Luke says: This coverage details the findings of a study, commissioned by the UK Gambling Commission and undertaken by the Responsible Gambling Strategy Board (RGSB), recommending actions that might reduce the risk of problem gambling amongst young persons and keep children safe regarding gambling matters. Key features include highlighting the need for all gaming verticals to carry solid ID verifications and to avoiding marketing content which could appeal to children. There's still an abundance of that in the industry, both here and abroad; the gaming giant Coral got booked for it only the other week. The RGSB also found, in more cheerful news, that gambling by 11-15 year-olds seems to have dropped. Their recommendations - which include a review of a slew of permitted activities, including the National Lottery, and to better gather data on underage gambling - may seem heavy-handed, but the issue is a serious one, and promises to become more pronounced as technology and gaming become more ever-present in our lives. 
Luke says: Swedish gaming authorities are keeping a constantly updated reference point for changes coming in under Swedish law. Bill SFS 2018:1138 was voted in by Parliament in early June but won't come into effect until the start of 2019. There are several key aspects to the issue, including an all-new licensing system and new protections against problem gambling. The Swedish government will lose its virtual monopoly on gambling services, save for land-based casinos and token machines, but it will gain the ability to oversee and penalize illegal and unlicensed operators. At least, that's the idea. The bill also enshrines a new cooperation council to oversee the prevention of match fixing in sports. There's still going to be inevitable tension between a national regulator and rogue foreign operators, but I have a feeling Sweden will be more tenacious in attempting to pin those rogue operators down than some of its neighbors.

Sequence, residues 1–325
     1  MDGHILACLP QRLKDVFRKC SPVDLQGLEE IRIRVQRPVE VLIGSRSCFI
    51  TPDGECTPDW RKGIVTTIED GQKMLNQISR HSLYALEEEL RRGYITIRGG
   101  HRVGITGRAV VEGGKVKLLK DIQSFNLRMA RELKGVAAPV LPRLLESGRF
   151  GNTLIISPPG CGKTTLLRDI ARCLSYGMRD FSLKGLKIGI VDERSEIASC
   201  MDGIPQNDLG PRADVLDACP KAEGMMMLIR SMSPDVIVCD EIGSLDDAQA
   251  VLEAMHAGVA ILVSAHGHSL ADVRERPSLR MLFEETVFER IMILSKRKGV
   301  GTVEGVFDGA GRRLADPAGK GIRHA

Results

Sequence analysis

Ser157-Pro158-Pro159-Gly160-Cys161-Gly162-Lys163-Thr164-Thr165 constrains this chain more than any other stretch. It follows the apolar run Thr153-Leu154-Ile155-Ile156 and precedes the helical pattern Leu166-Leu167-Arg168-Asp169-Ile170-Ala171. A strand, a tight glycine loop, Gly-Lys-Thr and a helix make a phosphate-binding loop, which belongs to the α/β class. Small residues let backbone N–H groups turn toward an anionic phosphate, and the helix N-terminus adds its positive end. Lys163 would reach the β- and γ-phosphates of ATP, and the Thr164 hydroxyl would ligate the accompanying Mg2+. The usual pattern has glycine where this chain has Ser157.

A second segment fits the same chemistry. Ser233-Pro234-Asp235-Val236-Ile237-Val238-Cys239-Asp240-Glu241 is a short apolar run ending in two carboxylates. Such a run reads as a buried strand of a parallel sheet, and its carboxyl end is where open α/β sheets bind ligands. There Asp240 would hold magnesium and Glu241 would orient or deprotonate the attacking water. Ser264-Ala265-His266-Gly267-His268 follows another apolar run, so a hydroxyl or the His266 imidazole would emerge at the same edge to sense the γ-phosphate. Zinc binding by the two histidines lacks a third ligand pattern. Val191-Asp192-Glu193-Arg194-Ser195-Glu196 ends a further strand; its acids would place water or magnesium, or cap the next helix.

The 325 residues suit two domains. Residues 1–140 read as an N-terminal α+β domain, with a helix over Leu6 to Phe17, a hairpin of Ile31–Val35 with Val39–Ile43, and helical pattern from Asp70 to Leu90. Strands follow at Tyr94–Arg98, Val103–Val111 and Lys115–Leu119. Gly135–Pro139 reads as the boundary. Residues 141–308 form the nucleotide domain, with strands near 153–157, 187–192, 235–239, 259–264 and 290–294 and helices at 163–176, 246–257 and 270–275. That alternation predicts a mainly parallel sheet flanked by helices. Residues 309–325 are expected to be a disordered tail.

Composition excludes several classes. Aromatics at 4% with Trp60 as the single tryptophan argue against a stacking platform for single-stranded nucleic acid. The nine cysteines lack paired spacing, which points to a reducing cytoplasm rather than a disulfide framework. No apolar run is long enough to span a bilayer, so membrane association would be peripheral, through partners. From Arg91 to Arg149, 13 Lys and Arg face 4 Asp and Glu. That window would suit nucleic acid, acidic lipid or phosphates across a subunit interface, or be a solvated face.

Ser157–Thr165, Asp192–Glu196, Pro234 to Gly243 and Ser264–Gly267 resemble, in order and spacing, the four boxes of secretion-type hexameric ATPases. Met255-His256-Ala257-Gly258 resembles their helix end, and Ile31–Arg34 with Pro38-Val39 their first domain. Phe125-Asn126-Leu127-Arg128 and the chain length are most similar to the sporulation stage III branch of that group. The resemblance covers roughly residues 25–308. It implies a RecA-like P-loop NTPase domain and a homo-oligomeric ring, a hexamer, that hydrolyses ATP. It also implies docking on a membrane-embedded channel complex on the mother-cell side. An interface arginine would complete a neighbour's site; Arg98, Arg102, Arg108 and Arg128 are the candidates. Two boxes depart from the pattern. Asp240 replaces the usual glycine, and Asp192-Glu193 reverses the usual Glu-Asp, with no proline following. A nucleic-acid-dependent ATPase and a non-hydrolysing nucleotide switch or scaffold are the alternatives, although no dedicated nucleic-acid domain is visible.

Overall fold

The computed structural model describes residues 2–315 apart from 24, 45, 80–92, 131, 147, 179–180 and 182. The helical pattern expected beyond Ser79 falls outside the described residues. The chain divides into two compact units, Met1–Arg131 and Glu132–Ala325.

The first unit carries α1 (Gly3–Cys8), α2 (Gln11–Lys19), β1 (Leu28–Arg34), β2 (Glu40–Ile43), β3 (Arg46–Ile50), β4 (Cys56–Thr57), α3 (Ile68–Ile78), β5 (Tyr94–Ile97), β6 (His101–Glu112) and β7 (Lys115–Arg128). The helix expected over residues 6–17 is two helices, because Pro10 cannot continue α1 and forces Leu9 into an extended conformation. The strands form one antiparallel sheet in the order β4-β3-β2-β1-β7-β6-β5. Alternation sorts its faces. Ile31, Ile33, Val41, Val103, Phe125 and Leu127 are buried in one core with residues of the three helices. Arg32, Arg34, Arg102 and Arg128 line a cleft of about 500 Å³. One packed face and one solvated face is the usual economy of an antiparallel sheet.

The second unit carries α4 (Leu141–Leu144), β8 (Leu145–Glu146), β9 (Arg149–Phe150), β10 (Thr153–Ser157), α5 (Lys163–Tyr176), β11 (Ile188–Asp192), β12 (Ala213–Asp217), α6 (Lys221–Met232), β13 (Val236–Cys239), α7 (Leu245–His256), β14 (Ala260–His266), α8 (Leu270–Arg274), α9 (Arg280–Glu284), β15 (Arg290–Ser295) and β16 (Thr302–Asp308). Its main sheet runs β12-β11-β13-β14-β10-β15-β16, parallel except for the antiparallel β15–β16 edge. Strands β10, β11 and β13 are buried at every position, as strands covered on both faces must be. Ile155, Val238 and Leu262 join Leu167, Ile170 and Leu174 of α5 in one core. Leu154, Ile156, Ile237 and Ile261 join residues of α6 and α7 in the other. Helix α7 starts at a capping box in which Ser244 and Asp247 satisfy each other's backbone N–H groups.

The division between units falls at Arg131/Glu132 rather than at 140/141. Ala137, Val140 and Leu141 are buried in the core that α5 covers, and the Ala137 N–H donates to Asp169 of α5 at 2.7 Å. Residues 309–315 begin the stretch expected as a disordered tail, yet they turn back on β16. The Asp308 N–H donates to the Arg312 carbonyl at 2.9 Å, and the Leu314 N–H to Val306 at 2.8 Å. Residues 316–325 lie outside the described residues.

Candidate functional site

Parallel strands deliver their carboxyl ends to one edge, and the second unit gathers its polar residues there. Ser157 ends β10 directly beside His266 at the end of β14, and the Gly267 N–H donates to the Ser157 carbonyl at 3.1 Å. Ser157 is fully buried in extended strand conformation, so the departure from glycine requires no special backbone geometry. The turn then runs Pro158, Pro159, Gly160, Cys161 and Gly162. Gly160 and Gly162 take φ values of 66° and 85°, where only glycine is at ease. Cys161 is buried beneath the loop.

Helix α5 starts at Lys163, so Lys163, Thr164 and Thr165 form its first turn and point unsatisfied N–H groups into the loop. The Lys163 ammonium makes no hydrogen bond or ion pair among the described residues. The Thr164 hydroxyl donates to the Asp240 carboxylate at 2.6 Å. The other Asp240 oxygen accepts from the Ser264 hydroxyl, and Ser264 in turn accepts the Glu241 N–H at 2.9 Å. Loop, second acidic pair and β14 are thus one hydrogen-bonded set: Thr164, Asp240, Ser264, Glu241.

Andrew says: I am shocked - shocked - to find that gambling is going on in here! (apologies to Captain Louis Renault.) This story details how Dr Quirkey's Good Time Emporium, on Dublin's O'Connell Street, offers slots and video poker machines in direct contravention to Ireland's gambling laws. Breathless tone aside, this is hardly news; to my knowledge, Dr Quirkey's has been openly operating gambling machines for over 20 years.  
Luke says:  Dutch legislation seemed to turn a major corner last week with this announcement from the Dutch authorities that they will be passing a bill modernising online gambling regulation. The act more closely aligns Dutch regulations with those already in place throughout Europe. There are also plans afoot to privatise the state-owned Holland Casino. The general thrust of the legislation is aimed at preventing underage and illegal gambling; one key provision included is this business of needing a physical branch office within the Netherlands to be considered for licensing. This is a really intriguing move which will certainly compel more physical relationships between operators who wish to legitimately function in the Netherlands and the nation itself, as well as making it far easier to identify rogue operators. Another excellent aspect is the requirement of every operator to appoint an "addiction prevention" representative. Ultimately, of course, it's a market liberal move that permits the legal action of licensed entities in an online space. 
Andrew says: All is not fair in love and war. Polish casino operators ZPR and Casinos Poland are at loggerheads over the revenue predictions they make when submitting a tender for a casino license: the one (Casinos Poland) says the other (ZPR) grossly overestimates the revenue it thinks it will generate. It does seem strange that the Ministry of Finance uses revenue estimates provided by the bidder as one of the criteria in deciding which project it awards the license to, but there is no downside to the bidder if they get it wrong.
Luke says: Though it reads a little wonkily, this report from European Gaming covers recent stark developments in Polish law, where apparently a new set of tax provisions have just been voted into law by Parliament. Said provisions, which will be retroactively applicable, state that participants of legal gambling activities will be exempt from paying any personal income tax on any legally organised games involving "slot machine...card games, dice games and cylindrical games (roulette, etc)." In other formats, such as mutual bets and lotteries, the tax remains the same: 10% over a low threshold. One aspect which is a little confusing is that the report states that "gamblers will be treated in a uniform manner after the changes," while listing two different tax circumstances for two different sets of games. Still, it's good to see them trying to clear things up on the tax end.